On April 17, 2023, the US International Trade Commission (USITC) released a new report analyzing the trade and economic impact of the African Growth Opportunity Act (AGOA). The report fulfills the investigation request by the US House of Representatives Committee on Ways and Means in January 2022.
The full report is HERE. Below are the key findings regarding the apparel sector:
The African Growth and Opportunity Act (AGOA) matters significantly to Sub-Saharan African countries (SSA)’s apparel exports to the United States
- AGOA has been the primary competitive advantage for SSA’s apparel exports to the United States. For example, US apparel imports from AGOA beneficiaries have risen from $953 million in 2001 to $1.4 billion in 2021 (note: up to $1.76 billion in 2022). More than 96.4% of these imports claimed AGOA’s duty-free benefits, including 98.8% utilized the “third-country fabric” provision.
- While twenty countries were eligible for AGOA’s apparel provision, over 90% of US apparel imports from AGOA members in 2021 originated in five SSA countries: Kenya (31.5%), Madagascar (19.9%), Lesotho (20.6%), Ethiopia (18.3%), and Mauritius (5.1%).
- AGOA benefits appear essential for SSA countries to maintain their apparel exports to the United States. USITC noted that in every case when a country lost AGOA eligibility between 2000 and 2021, there was a noticeable decrease in US apparel imports from that country, such as Rwanda and Madagascar. (note: according to OTEXA’s latest trade data, US apparel imports from Ethiopia, which lost its AGOA eligibility in 2022, dropped by 42% in the first two months of 2023 from a year ago, far worse than a 5.8% decrease of AGOA members as a whole.)
- SSA garment manufacturers often find supplying the US apparel market a better fit than Europe, primarily because US brands tend to place orders for higher volume bulk basics, which allows workers to focus on a narrower set of skills.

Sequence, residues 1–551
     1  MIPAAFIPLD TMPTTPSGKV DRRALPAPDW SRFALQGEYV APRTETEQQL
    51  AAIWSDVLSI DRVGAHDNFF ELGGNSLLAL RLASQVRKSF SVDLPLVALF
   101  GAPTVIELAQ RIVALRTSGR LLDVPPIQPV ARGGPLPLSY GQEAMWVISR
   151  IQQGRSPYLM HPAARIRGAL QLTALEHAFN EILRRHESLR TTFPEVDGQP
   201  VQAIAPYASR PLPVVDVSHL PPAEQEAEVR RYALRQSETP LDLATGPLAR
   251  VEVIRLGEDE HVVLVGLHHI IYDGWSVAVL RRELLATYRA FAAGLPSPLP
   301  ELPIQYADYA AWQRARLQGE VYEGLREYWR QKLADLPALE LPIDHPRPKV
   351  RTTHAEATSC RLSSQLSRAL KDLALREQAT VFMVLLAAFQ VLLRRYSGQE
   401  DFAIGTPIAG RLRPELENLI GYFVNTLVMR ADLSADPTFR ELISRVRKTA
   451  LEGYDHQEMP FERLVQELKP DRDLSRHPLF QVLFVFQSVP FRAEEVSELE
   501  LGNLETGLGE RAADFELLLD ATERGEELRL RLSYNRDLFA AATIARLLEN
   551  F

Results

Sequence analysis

The impact of AGOA on SSA’s apparel production and exports varied at the country level
- Some SSA countries (e.g., Kenya and Lesotho) already had well-established apparel industries when AGOA was implemented in 2000. In contrast, other SSA countries (e.g., Madagascar, Ethiopia, Tanzania, and Ghana) received substantial investments from foreign-owned firms after AGOA was enacted, which helped jumpstart their apparel sectors.
- USITC also identified two “unsuccessful” AGOA cases. For example, Mauritius was the largest AGOA beneficiary apparel supplier to the United States in 2000 but has since fallen to the fifth-largest in 2021, largely due to increased labor costs. Likewise, South Africa’s apparel export to the US was negatively affected by its disqualification from the “third-country fabric” provision under AGOA.
AGOA has had a limited impact on building an integrated regional textile and apparel supply chain in SSA
- Currently, SSA countries primarily participate in the cut-and-sew operations of apparel based on imported textile raw materials from outside the region (mostly from Asia).
- The USITC identified several challenges in building the local textile industry in SSA. For example, building a textile mill typically requires much higher investments (e.g., $200–300 million) than a garment factory (i.e., $25 million). Also, most SSA manufacturers cannot make the various types of yarns and fabrics in demand from U.S. buyers.
- The dilemma is not new: Access to textile inputs from sources outside SSA is essential for garment manufacturers in SSA to meet the specifications of US buyers. However, relying on imported textile inputs reduces the incentives for investing in new textile production capabilities in SSA.